It looks like a typical summer camp morning, brushing the horses for a riding lesson.
"I love it here," said Emily Lowell of Starksboro. "The people are just amazing and the horses here amazing and you just have so much fun."
But this camp is on a mission, a mission to keep kids on the right track in their young lives, to prepare them for the turbulent high school years.
"They get dropped off here 6:30, 7 o'clock some mornings and stay until 7 at night, as long as we have light," Kerry Kurt said.
Kurt runs the camp, Sentinel Farms-Unbound Grace. She is a registered nurse and has her master's in divinity. She grew up in Vermont and in the 1990s even served in the Legislature.
"Yes, was a state rep for Colchester for a number of years and I totally enjoyed serving the community in that capacity. I loved being in there and trying to create answers, ways to make a difference," Kurt said.
She moved for a time to Colorado working in the prison system, and it was there that she created the nonprofit Unbound Grace. The idea was to bring people with talent from the community into the prison to share with the inmates, like artists and musicians.
And when she moved back to Vermont in 2005, she bought this farm in Starksboro and continued Unbound Grace for local kids.
"If they are sitting around just playing video games and eating potato chips and hanging around with other kids who are not necessarily well directed, we all know all kinds of things can happen and move them in the wrong direction," Kurt said. "We try and get them focused; it's their passion that brings them here and the work and move forward."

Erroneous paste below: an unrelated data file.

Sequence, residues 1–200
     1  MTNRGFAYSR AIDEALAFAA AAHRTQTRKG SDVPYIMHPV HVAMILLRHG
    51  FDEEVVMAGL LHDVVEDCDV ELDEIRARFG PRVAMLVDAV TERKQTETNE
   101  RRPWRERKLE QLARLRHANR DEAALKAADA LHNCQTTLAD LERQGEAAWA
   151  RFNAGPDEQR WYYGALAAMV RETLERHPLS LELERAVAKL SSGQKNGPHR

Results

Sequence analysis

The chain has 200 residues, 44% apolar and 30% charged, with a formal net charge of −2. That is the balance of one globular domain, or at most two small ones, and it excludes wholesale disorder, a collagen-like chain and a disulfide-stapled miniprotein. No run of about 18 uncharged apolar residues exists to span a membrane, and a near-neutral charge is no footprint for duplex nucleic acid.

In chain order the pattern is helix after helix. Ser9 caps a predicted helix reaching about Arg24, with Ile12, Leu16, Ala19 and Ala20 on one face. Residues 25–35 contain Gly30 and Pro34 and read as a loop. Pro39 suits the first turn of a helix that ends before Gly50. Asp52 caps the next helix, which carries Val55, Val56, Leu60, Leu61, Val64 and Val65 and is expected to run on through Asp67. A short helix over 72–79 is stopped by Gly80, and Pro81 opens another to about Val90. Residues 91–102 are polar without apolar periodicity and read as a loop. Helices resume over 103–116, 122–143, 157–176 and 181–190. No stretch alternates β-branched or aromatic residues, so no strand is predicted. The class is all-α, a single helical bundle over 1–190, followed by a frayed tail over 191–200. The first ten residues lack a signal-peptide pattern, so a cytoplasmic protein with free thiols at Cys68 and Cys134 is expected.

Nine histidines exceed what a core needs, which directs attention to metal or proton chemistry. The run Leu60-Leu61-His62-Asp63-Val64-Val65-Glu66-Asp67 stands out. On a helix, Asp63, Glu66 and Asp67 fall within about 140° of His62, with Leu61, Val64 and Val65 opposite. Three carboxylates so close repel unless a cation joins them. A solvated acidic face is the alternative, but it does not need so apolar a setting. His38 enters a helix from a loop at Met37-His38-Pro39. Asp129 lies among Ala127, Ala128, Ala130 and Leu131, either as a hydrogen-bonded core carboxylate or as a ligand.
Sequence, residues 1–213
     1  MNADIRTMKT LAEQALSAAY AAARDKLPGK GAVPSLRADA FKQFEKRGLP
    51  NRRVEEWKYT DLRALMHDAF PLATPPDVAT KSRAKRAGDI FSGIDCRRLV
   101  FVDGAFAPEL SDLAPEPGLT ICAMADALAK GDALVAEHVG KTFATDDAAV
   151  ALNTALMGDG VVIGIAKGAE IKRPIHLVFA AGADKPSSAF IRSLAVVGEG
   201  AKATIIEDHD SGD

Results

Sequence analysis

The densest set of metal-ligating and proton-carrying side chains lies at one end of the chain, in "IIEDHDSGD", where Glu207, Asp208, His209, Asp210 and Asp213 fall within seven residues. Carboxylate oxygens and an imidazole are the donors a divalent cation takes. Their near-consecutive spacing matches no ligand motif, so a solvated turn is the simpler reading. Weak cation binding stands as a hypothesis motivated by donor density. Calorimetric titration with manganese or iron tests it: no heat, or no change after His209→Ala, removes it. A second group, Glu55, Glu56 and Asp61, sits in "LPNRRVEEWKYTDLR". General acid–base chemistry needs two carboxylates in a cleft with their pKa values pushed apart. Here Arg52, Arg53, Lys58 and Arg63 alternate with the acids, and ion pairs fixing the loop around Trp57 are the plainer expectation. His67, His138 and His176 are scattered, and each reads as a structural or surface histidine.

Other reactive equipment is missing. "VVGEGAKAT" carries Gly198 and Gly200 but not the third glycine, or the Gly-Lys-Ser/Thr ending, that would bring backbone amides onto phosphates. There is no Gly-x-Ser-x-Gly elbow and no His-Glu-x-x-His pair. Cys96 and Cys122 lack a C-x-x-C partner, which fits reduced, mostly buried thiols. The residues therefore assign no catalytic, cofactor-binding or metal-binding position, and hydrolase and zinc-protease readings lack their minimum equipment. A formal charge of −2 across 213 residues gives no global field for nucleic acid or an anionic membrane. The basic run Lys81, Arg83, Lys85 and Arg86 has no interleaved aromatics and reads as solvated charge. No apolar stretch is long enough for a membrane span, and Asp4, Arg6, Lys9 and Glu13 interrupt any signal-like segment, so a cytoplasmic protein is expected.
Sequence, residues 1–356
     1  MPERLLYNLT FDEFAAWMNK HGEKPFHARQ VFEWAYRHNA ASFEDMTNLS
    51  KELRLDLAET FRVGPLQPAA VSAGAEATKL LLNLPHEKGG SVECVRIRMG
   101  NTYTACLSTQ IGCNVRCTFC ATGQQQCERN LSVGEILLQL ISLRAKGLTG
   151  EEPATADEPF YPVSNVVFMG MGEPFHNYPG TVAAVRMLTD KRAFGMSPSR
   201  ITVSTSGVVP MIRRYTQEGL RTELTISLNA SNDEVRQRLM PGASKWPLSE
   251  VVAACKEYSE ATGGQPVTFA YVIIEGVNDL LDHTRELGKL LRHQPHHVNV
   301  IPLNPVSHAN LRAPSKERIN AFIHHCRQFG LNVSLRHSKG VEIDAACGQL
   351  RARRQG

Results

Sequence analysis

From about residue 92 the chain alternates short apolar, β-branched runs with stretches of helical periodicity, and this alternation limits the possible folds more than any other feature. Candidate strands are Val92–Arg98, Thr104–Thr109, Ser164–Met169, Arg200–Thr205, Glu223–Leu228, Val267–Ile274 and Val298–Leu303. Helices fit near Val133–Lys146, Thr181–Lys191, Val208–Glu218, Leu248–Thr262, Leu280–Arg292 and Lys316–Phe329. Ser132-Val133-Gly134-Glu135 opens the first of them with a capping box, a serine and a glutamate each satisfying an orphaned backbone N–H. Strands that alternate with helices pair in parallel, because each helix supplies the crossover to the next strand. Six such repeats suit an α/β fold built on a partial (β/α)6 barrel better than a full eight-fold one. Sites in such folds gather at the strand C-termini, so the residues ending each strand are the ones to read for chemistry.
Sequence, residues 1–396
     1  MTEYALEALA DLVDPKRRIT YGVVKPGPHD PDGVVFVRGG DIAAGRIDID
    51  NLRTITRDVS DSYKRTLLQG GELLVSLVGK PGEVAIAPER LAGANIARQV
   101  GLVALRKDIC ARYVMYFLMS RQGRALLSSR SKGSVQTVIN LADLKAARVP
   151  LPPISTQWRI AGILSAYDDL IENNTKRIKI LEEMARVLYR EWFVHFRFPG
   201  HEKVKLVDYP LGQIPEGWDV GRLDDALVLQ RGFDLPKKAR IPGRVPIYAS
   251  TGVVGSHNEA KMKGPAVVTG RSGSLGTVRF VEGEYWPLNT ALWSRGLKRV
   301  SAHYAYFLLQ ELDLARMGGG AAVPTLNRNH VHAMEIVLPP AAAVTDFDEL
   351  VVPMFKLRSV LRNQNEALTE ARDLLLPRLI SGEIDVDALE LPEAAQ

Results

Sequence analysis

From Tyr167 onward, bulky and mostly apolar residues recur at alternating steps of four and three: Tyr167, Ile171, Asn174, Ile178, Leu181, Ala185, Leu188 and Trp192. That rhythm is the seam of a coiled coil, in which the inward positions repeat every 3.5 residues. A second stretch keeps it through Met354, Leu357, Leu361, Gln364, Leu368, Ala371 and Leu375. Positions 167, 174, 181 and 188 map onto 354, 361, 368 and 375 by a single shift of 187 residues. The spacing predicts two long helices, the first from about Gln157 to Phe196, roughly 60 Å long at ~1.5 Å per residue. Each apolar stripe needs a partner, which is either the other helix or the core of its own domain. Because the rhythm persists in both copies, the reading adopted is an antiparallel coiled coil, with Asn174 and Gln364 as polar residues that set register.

While the emphasis this morning has been on horseback riding, the whole point of this camp is to teach these kids some really important life lessons. And it is working.
"I have learned how to communicate with other people better," said Autumn Burbo of Richmond.
Autumn Burbo has been coming here for four years. She is now 14.
"And when I first came here my father passed away, so I got over it by communicating with horses and other people and that is pretty much how I became the person I am today," Autumn said.
The emphasis is on educating the campers about all kinds of physical activity and nature, and the importance of taking care of your body.
"We ride in the morning for about an hour and then we get to go and do poetry or swimming or nature walks. She teaches a wide variety of stuff," said 10-year-old Madison Shepard of Bristol.
Kurt is now working on taking the next step and offering her riding and camp program throughout the winter as well, but she needs an indoor riding facility to do that. And she is working on it. The plan is to convert this old structure into a new indoor center.
"We need indoor space and if we all come together as a community and create a space so these kids can be active during the winter months, some are going into high school, if they don't have their community to hold them into space and keep them directed and training, most kids we know that go off track-- it's in high school," Kurt said.
Sentinel Farms-Unbound Grace is now planning a silent action, family fun day and potluck dinner and barn dance in September to raise funds for the new building. And all the campers are involved, making sure the event will be a success.